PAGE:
increase capillary permeability (Granger et al., 1981) and have been reported to produce mucosal lesions in the small intestine of humans (Klemperer et al., 1940), dogs (Chiu et al., 1970), rats (Bacalzo et al., 1971), and cats (Haglurid and Lundgren, 1973). The pathogenesis of the rise in capillary permeability has been attributed to the production of superoxide radicals (Granger et al., 1981), and the pathogenesis of the mucosal lesions has been attributed to hypoxia (Ahren and Haglund, 1973). Thus, it has been hypothesized that severe hyperthermia (a) produces mucosal lesions in the small intestine from tissue hypoxia, (b) increases capillary permeability, and (c) results in endotoxemia (see Figure 4-1). Systemic endotoxemia has been shown in human heat stroke victims (Coridis et al., 1972; Graber et al., 1971), in ultramarathon runners who collapsed during competition in the heat (Brock-Utne et al., 1988), and following strenuous exercise (Bosenberg et al., 1988).
The diarrhea that occurs in marathon runners, if coincident with bleeding, may be a clinical manifestation of ischemic enteropathy (Bounous and McArdle, 1980). The effects of exercise-heat stress on GI function and performance can range from mild discomfort to serious impairment. For example, GI bleeding, which is often coincident with diarrhea, may be trivial (Eichner, 1989) or lethal (Thompson et al., 1982).
Gaudin et al. (1990) performed a standard endoscopy examination on seven runners 15 minutes before and 12 hours after they performed a maximal distance training run (18 to 50 km). Because the race was not competitive, stress was not considered to be a factor. Mucosal biopsy specimens of the upper digestive track revealed histologically pathological features in all runners (Table 4–2). These features included vascular lesions, ranging from congestion to hemorrhage, and evidence of reduced mucosal secretion (estimated from PAS [para -aminosalicylic acid] staining). The intensity of the lesions was independent of running distance, and a measure of running intensity was not provided. The prevalence of the lesions was independent of clinical symptoms.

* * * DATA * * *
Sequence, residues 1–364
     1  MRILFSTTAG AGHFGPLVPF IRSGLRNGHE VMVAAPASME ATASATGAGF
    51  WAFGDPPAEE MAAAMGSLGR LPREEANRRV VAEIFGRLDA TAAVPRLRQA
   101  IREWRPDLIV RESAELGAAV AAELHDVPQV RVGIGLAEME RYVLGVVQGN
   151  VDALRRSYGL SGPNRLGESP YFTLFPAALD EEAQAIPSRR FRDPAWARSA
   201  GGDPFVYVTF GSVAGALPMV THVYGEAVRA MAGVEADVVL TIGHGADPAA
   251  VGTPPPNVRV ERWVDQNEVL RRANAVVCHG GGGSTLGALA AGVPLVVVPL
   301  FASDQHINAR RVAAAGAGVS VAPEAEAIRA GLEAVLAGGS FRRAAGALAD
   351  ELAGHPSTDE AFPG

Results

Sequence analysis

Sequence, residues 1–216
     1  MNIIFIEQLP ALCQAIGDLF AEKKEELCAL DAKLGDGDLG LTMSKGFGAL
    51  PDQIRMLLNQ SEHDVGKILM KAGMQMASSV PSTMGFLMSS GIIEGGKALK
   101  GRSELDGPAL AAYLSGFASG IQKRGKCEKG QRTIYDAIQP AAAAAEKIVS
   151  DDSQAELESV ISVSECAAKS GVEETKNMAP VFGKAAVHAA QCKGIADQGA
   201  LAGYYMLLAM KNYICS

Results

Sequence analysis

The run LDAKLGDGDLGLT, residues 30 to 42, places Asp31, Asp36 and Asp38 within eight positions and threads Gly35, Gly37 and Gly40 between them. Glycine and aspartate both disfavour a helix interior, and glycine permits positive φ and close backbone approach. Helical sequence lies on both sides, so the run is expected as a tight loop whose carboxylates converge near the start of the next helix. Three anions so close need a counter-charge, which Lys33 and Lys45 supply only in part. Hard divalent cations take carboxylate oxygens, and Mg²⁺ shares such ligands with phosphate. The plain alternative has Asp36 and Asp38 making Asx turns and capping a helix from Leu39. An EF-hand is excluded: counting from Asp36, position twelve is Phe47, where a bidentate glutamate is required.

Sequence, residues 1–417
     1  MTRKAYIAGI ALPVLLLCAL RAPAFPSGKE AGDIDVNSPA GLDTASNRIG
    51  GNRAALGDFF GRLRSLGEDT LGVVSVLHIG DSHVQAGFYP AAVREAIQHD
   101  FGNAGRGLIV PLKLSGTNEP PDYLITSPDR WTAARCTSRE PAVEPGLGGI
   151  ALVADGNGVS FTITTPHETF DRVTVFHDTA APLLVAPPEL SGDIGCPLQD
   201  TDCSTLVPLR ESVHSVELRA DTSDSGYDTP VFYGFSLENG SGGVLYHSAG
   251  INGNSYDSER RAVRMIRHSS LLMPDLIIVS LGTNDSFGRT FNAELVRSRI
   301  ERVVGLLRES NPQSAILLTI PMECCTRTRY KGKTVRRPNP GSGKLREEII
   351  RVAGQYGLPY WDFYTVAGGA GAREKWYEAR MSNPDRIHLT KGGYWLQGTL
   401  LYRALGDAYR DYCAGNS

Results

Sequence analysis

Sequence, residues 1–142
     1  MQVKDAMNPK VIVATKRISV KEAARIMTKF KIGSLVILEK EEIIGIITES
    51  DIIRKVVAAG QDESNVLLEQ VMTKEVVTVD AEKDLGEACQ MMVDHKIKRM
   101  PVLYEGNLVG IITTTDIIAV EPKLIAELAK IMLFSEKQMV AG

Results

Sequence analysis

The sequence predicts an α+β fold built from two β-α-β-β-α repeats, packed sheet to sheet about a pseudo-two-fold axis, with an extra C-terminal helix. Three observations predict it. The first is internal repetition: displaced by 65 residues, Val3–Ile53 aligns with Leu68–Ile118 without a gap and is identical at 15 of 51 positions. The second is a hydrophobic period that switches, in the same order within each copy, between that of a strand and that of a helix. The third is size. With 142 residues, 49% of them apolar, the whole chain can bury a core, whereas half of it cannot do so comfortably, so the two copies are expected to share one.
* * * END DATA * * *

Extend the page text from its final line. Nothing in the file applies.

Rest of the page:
Schwartz et al. (1990) studied 41 runners who completed the 1988 Chicago Marathon. Nine of the runners experienced GI bleeding, and three of these consented to esophagogastroduodenoscopy and colonoscopy within 48 hours after the race. Four other runners consented to these procedures 4 to 30 days after the race. Of the three runners examined within 48 hours, two had oozing gastric antral erosions, and the third had patchy areas of hyperemic and eroded mucosa limited to the splenic flexure. The latter portion of the colon is a circulatory watershed area, which suggests that a condition of reduced blood flow may contribute to necrosis of the colonic mucosa. Thus, injury can occur in both upper and lower segments of the GI track. There were no endoscopic findings in the four runners examined three or more days after the race, which suggests that restoration of the